Preventing and treating olanzapine-induced obesity with betahistine: a chronic animal model study
Objective : Olanzapine, an atypical antipsychotic drug, is widely prescribed to treat schizophrenia, but induces serious weight gain/ obesity side-effects. Antipsychotic drugs antagonistic affinity for histamine H1 receptors is the main indicator of weight gain side-effects. This study aimed to investigate whether chronic treatment with betahistine (H1 receptor agonist/H3 receptor antagonist) could prevent/ treat olanzapine-induced weight gain at different stages of treatment.
Methods : Female Sprague-Dawley rats were administered under 5 conditions (n=12) : (1) Rats were treated with vehicle (control) during whole experimental period ; (2) ‘‘Obesity treatment group’’ : 5 weeks olanzapine treatment (1 mg/kg, t.i.d.), followed by 6 weeks coadministration of olanzapine with betahistine (9.6 mg/kg, t.i.d.) ; (3) ‘‘Obesity prevention group’’ : 3.5 weeks olanzapine treatment, followed by 2.5 weeks withdrawed, then co-administration of olanzapine and betahistine (4.8 mg/kg, t.i.d.) was introduced ; (4) Sole olanzapine treatment following the same time course as Group 3 ; (5) Rats were treated solely with betahistine (4.8 mg/kg, t.i.d.) during weeks 7–11.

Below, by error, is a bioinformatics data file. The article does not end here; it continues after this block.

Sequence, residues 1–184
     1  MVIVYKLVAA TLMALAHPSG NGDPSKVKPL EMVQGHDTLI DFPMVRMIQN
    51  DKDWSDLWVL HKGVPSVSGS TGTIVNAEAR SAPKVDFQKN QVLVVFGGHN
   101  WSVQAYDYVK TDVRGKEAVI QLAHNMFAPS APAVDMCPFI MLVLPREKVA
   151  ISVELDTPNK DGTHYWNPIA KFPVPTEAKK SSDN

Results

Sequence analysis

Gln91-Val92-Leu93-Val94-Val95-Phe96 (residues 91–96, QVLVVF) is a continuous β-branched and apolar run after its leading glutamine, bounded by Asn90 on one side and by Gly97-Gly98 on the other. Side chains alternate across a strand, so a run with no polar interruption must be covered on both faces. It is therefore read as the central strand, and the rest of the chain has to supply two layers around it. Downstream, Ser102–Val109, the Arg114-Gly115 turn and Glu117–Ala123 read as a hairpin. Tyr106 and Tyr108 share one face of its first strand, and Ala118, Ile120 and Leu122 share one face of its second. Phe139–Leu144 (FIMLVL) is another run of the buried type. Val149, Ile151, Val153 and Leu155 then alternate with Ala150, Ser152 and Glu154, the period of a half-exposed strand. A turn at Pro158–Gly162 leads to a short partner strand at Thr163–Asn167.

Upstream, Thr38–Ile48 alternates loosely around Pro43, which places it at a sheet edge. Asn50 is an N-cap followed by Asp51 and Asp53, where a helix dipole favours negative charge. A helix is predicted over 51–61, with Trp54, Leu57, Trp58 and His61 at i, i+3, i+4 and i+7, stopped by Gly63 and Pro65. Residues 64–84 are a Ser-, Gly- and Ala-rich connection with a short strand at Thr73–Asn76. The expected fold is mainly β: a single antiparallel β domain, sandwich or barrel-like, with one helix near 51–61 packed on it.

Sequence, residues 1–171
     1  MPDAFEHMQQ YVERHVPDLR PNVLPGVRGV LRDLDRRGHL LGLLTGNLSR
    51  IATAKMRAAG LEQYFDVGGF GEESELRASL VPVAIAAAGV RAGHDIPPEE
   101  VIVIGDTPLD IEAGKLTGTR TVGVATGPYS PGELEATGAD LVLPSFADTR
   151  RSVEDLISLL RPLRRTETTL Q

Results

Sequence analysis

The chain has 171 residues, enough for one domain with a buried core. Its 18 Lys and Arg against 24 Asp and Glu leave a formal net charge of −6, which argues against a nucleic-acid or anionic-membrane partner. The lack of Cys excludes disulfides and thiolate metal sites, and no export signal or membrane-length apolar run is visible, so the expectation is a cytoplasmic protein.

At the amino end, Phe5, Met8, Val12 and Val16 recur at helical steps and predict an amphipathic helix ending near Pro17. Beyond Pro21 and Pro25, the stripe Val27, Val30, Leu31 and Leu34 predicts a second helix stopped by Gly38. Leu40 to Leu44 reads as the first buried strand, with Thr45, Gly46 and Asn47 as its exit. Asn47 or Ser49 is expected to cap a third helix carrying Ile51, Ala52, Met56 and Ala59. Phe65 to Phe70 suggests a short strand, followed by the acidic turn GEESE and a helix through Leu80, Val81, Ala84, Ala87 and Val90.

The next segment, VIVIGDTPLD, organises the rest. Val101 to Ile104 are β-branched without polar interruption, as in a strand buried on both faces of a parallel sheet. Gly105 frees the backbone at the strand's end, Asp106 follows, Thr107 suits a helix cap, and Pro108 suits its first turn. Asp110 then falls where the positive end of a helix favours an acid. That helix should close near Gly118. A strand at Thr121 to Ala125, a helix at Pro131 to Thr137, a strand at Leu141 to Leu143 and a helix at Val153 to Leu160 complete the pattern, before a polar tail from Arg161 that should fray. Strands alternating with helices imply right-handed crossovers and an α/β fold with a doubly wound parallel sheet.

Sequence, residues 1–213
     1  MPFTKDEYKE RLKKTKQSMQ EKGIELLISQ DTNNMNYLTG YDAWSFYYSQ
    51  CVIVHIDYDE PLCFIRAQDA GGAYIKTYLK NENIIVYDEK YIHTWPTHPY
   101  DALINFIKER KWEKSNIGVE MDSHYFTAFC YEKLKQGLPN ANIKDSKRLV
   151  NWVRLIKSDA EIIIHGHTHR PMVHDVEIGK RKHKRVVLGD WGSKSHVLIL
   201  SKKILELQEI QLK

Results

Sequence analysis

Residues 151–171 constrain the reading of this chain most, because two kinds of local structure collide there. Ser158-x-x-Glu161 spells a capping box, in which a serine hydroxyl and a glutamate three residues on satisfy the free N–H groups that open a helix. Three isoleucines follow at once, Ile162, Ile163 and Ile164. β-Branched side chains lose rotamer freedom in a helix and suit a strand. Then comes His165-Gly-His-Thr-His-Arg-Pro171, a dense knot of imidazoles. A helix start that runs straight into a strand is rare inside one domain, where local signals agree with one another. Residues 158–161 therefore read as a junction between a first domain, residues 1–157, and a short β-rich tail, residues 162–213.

Results : Compared to controls, olanzapine treatment increased body weight (p
Conclusion: This study revealed that chronic co-treatment of olanzapine and betahistine is effective at reducing olanzapineinduced obesity side-effects. These results provide support for further clinical trials to improve of olanzapine-induced obesity side-effects using betahistine co-treatment.
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